However, the incidents documented are consistent with findings of other investigations into government treatment, “making it reasonable to conclude that these detainees were not the only ones abused, but are representative of a much larger number of detainees subjected to torture and ill treatment while in U.S. custody.”

Four of the men evaluated were arrested in or taken to Afghanistan between late 2001 and early 2003 and later were sent to Guantanamo Bay, where they were held for an average of three years before being released without charge, the report says. The other seven were detained in Iraq in 2003 and released within a year, the report says.

All the subjects told examiners that they were subjected to multiple forms of torture or ill treatment that “often occurred in combination over a long period of time,” the report says.

While the report presents synopses of the detainees’ backgrounds based on interviews with them, the authors did not have access to the detainees’ medical histories. Therefore, there’s no way to know whether any of the inmates may have had medical or mental problems before being detained.

Among the ex-detainees was an Iraqi in his mid-40s, identified only as Laith, whom U.S. soldiers took into custody in October 2003 and who was released from Abu Ghraib in June 2004. According to the report, Laith was subjected to sleep deprivation, electric shocks and threats of sexual abuse to himself and his family.

“They took off even my underwear. They asked me to do some movements that make me look in a very bad way so they can take photographs. … They were trying to make me look like an animal,” Laith told examiners, according to the report.

According to the report, Laith said the most “painful” experiences involved threats to his family: “And they asked me, ‘Have you ever heard voices of women in this prison?’ I answered, ‘Yes.’ They were saying, ‘Then you will hear your mothers and sisters when we are raping them.’ ”

The examiners concluded in the report that “Laith appears to have suffered severe and lasting physical and psychological injuries as a result of his arrest and incarceration at Abu Ghraib prison.”

Another detainee, Youssef, was detained by U.S. soldiers nearly seven years ago when he tried to enter Afghanistan from neighboring Pakistan without a passport, the report says. He initially was held in an Afghan prison, where he describes “being stripped naked, being intimidated by dogs, being hooded and being thrown against the wall on repeated occasions,” the report says.

A few months later, he was taken to the Guantanamo Bay facility, where he was subjected to interrogators who would enter his cell and force him to lie on the floor with his hands tied behind his back to his feet, the report says.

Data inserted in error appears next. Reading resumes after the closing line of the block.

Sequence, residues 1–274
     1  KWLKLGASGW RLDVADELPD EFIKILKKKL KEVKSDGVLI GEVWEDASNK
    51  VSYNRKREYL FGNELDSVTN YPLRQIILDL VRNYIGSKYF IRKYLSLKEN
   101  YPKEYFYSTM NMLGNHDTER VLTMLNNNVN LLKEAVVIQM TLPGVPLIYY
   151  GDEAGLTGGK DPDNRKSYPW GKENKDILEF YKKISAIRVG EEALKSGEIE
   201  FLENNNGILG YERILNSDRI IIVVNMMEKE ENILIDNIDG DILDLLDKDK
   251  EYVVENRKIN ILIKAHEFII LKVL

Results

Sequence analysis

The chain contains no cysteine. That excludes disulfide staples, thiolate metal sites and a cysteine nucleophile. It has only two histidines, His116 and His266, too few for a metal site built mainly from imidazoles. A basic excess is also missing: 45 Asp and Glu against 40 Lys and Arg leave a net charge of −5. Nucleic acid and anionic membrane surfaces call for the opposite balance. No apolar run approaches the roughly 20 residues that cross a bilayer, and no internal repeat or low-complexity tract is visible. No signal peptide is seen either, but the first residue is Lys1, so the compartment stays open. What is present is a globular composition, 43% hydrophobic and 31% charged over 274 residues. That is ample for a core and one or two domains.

Youssef said the interrogators wanted him to confess of involvement with the Taliban, the report says.

Based on its investigation, the report calls on the U.S. government to issue a formal apology to detainees subject to torture and ill treatment by the military since fall 2001 in Afghanistan, Iraq, Guantanamo Bay and elsewhere.

The rights group also demands that the Bush administration:

• “Repudiate all forms of torture and cruel, inhuman or degrading treatment”;

• Establish an independent commission to investigate and report publicly the circumstances of detention and interrogation at U.S.-run prisons in Afghanistan, Iraq and Guantanamo Bay;

• Hold individuals involved in torturing detainees accountable through criminal and civil processes; and

• Monitor thoroughly the conditions at U.S.-run prisons all over the world.

Please take the time to watch these videos – it’s what’s necessary for all of this to change.

Spread The Word

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    By Bill Quigley
t r u t h o u t | Report

    Wednesday 24 October 2007

    Louis Vitale, 75, a Franciscan priest, and Steve Kelly, 58, a Jesuit priest, were sentenced to five months each in federal prison for attempting to deliver a letter opposing the teaching of torture at Fort Huachuca in Arizona. Both priests were taken directly into jail from the courtroom after sentencing.

    Fort Huachuca is the headquarters of military intelligence in the US and the place where military and civilian interrogators are taught how to extract information from prisoners. The priests attempted to deliver their letter to Maj. Gen. Barbara Fast, commander of Fort Huachuca. Fast was previously the head of all military intelligence in Iraq during the atrocities of Abu Ghraib.

    The priests were arrested while kneeling in prayer halfway up the driveway to Fort Huachuca in November 2006. Both priests were charged with trespassing on a military base and resisting orders of an officer to stop.